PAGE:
Prior research shows people in Nashville seldom use taxpayer-funded charging stations for electric cars, yet certain members of the U.S. Senate want to throw even more money on these devices nationwide.
This, according to David Williams, president of the Washington, D.C.-based Taxpayers Protection Alliance.
Members of the TPA, according to the group’s website, analyze the government’s effects on the economy.
“You are giving handouts to companies to build these stations that basically have no worry whether the market needs them or not. There is no risk for a company to build these,” Williams told The Tennessee Star Monday.
“When a company builds a charging station to expand their business then any sort of subsidy from the government or from taxpayers is corporate welfare. They should make business decisions based upon what the market wants — and not just because they got a ton of money from Congress.”
According to the TPA’s weekly newsletter, U.S. senators have introduced “a legislative smorgasbord of failed transportation ideas and costly ‘renewable’ pipedreams.”
These senators include Republicans John Barrasso of Wyoming and Shelly Moore Capito of West Virginia along with Democrats Tom Carper of Delaware and Ben Cardin of Maryland.
“One of the most disappointing ideas (that’s a high bar) is a plan supported by Sen. Barrasso to use taxpayer subsidies to fund electric vehicle (EV) charging stations,” according to the TPA’s newsletter.
“Sen. Barrasso has been a leader in trying to get rid of EV subsidies so it is odd that he would support subsidizing the charging infrastructure.”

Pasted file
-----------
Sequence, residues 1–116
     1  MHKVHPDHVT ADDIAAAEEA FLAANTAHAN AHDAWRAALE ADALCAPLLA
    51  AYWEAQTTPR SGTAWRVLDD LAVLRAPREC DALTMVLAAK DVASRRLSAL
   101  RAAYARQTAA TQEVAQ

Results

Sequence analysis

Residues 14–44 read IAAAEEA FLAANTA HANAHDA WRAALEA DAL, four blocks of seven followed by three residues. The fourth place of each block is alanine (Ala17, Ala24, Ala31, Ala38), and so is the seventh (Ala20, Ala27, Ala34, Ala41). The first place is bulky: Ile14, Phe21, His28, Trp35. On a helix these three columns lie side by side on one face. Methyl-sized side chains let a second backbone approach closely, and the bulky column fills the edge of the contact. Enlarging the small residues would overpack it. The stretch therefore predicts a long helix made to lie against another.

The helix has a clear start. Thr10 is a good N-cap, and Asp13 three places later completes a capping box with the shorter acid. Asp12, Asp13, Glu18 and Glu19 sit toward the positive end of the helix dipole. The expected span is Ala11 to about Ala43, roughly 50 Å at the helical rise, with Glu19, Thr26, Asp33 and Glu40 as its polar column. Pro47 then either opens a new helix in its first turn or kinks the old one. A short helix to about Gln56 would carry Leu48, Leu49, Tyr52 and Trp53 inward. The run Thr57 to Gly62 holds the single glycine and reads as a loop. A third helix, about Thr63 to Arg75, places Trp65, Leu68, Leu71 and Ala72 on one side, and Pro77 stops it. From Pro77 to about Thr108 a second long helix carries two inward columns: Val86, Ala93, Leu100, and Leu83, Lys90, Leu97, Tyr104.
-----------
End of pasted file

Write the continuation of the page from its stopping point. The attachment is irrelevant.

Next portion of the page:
America’s Transportation Infrastructure Act of 2019 would green-light $287 billion to transfer from the Highway Trust Fund over five years to finance road and bridge improvements, according to the TPA.
Of this sum, $3 billion is set aside for new funding distributed to states based on their current formula share to support projects that would lower highway-related carbon emissions. An additional $1 billion is slated for states and localities to build hydrogen, natural gas, and electric vehicle fueling infrastructure along designated highway corridors that lack such infrastructure, the newsletter went on to say.
“Since 2010, federal taxpayers have subsidized the purchase of each EV purchase across the country for up to $7,500 per vehicle. This policy primarily benefits wealthy Americans purchasing vehicles that are at a minimum 15 percent more expensive than comparable conventional cars,” according to the TPA’s newsletter.
“In a February 2018 report, Pacific Research Institute senior fellow Dr. Wayne Winegarden found that, ‘79 percent of electric vehicle plug-in tax credits were claimed by households with adjusted gross incomes of greater than $100,000 per year.’ Now this credit is finally phasing out; the maximum obtainable credit from Uncle Sam is currently $1,875 and will zero out at the end of 2019.”
In 2013 and 2015, Tennessee Watchdog found that taxpayer-funded charging stations in Nashville were seldom used. Documents from the U.S. Department of Energy made similar conclusions. Nationwide, 10,300 of the nearly 17,000 chargers at the time — 60 percent — were for residential use. Documents show more than 85 percent of people charge their electric cars at home instead of in public.
Also as reported in 2015, Tennessee officials in the fall spent $181,250 to place three charging stations at the Nashville International Airport. In five weeks, 29 cars were charged for a flat fee of $2 each. At that rate, the charging stations would pay for themselves in about 300 years.
The Tennessee Department of Environment and Conservation provided that money.
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